It seems like an eternity ago when Sean McVay came to the Los Angeles Rams highly touted as the man to “fix” Jared Goff. Goff was coming off a historically bad rookie season, a campaign that began with Goff sitting third on the depth chart after Sean Mannion outperformed him in the preseason. Goff went on to start seven games that season for Jeff Fisher. He completed just over 50% of his passes, threw five touchdown passes and had seven interceptions. Before the 2016 NFL Draft, some labeled Goff as the least pro-ready quarterback in the entire class and it showed during his rookie season.
In the head coach’s first season, the Rams won the NFC West title with an 11-5 record and Goff had a very good season, earning a Pro Bowl nod. The following season, the Rams again won the division and Goff again played exceptionally well. He was among the passing leaders in the NFL and was in the conversation for MVP, particularly during the first 11 weeks of the season. Goff led the Rams all the way to the Super Bowl, earning yet another Pro Bowl nod.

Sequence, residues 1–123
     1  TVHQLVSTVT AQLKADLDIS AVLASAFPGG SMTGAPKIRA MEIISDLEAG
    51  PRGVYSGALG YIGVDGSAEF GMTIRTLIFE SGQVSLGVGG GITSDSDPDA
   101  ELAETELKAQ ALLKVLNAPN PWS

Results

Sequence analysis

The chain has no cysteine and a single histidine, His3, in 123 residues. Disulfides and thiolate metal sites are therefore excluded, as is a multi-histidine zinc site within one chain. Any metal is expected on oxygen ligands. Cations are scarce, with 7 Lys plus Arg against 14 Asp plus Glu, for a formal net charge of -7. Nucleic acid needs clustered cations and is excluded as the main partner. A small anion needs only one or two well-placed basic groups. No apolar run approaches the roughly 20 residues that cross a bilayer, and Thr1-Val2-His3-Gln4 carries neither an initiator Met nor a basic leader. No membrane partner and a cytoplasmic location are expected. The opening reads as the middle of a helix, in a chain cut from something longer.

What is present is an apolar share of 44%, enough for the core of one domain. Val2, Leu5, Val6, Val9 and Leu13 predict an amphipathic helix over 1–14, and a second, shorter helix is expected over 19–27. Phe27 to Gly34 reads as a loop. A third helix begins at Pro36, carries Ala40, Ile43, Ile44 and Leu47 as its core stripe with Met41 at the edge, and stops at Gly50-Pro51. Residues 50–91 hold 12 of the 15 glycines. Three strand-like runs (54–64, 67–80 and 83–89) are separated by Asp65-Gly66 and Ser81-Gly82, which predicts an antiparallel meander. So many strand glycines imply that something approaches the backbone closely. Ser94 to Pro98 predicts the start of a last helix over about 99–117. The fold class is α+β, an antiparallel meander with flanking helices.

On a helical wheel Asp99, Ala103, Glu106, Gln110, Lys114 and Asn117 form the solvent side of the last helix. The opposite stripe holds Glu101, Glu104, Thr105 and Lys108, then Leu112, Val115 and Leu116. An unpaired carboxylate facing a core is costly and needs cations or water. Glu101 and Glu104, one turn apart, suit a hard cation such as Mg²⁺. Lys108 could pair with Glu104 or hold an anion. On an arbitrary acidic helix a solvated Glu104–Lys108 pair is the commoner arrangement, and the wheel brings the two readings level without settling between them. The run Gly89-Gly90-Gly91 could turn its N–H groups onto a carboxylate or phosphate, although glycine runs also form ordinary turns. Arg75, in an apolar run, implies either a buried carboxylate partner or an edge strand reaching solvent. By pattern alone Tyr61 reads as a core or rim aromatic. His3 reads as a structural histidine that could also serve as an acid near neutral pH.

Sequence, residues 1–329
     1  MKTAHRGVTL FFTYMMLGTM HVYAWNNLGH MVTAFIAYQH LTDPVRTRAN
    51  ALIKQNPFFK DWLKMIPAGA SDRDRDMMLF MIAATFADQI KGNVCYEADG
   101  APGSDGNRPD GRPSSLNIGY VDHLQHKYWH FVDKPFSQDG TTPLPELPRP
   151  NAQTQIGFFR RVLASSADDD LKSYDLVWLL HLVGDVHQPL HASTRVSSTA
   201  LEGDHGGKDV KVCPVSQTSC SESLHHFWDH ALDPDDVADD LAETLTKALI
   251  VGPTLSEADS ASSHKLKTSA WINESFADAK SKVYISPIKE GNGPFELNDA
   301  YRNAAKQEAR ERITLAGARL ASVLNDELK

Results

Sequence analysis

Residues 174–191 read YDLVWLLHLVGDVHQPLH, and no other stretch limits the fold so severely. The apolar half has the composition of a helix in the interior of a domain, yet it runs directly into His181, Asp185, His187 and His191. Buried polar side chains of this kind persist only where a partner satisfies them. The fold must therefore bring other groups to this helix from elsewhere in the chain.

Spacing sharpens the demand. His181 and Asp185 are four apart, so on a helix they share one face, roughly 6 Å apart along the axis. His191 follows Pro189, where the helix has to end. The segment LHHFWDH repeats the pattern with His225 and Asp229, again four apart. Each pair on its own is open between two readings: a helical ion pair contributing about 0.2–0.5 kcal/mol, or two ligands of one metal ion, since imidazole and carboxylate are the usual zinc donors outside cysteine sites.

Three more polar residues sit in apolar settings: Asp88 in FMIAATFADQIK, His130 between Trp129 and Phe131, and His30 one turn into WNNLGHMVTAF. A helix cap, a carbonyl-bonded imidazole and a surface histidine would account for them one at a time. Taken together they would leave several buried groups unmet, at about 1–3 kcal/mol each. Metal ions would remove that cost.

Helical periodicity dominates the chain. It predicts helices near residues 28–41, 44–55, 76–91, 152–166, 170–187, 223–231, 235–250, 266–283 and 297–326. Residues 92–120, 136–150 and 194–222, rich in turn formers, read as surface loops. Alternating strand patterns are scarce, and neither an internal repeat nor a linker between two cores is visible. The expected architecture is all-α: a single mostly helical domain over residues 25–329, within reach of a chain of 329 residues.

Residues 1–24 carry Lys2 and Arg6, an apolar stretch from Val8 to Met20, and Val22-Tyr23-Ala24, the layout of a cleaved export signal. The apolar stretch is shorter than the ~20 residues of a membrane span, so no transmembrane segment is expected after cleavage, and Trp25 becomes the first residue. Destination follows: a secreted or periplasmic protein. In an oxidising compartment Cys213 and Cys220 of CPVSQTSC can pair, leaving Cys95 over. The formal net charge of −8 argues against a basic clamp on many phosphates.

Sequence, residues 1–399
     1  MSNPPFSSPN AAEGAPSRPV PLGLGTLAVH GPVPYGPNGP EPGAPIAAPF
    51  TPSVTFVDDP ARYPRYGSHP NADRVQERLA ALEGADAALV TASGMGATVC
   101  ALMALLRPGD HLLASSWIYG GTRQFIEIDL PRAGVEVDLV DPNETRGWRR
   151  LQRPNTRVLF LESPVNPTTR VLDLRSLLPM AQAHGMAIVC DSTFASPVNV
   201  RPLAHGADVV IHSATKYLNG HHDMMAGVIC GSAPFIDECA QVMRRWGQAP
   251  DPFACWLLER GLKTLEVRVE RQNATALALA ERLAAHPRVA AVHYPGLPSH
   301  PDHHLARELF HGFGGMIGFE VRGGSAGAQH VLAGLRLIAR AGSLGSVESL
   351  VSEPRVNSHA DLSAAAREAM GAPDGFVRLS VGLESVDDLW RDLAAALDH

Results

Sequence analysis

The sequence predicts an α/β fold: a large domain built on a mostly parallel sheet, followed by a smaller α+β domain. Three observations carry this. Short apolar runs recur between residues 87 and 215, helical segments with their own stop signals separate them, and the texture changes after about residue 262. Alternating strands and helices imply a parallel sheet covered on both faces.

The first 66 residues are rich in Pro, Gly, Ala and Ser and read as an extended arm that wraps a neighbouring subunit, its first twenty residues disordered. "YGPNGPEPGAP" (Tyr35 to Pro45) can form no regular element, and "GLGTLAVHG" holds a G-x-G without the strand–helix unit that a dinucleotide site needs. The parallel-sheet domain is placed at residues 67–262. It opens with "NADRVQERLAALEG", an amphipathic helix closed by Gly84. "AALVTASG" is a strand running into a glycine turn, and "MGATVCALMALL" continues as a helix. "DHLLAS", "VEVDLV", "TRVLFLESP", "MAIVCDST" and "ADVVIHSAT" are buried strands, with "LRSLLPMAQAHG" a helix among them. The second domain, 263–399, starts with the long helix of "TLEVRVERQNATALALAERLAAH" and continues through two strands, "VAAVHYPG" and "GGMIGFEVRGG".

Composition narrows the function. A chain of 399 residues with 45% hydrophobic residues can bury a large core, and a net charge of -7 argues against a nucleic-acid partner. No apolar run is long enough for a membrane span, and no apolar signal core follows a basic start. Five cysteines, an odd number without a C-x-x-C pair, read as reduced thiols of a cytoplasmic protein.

The Rams seemed to be a long way from everyone calling Goff a bust, and the quarterback signed a big contract that offseason. Everyone touted McVay as a quarterback guru and offensive mastermind. The McVay train collected so much stream, there were head coaches and coordinators who were hired around the league simply because owners were searching for the “next Sean McVay.” It is indeed a copycat league!
However, in 2019, the Rams and Goff regressed badly. They finished the year 9-7 and missed the playoffs entirely. What happened?
There were several factors, all happening simultaneously. The Rams allowed starting guard Rodger Saffold to leave via free agency. They also declined the option on starting center John Sullivan’s contract. Left tackle Andrew Whitworth’s play started to reflect his age. The offensive line played poorly, to say the least, and Goff was hit often. This also coincided with the regression of running back Todd Gurley and his degenerative knee. Ultimately, all of these things collectively contributed to the regression of Goff and the Rams’ offense overall.
Could Goff have been pressing after signing the new contract while trying to carry the team on his own? Possibly, because while he still passed for more than 4,600 yards, he also turned the ball over 16 times. What concerns me is that the Rams haven’t done enough to upgrade their offensive line. They added a guard in the seventh round of 2020 NFL Draft and they also drafted a running back, Cam Akers. But will that be enough?
Simply put, if the Rams don’t get better offensive line play in 2020, you can expect a similar outcome to what happened in 2019. Another playoff-less season will raise a lot of questions for everyone in the organization.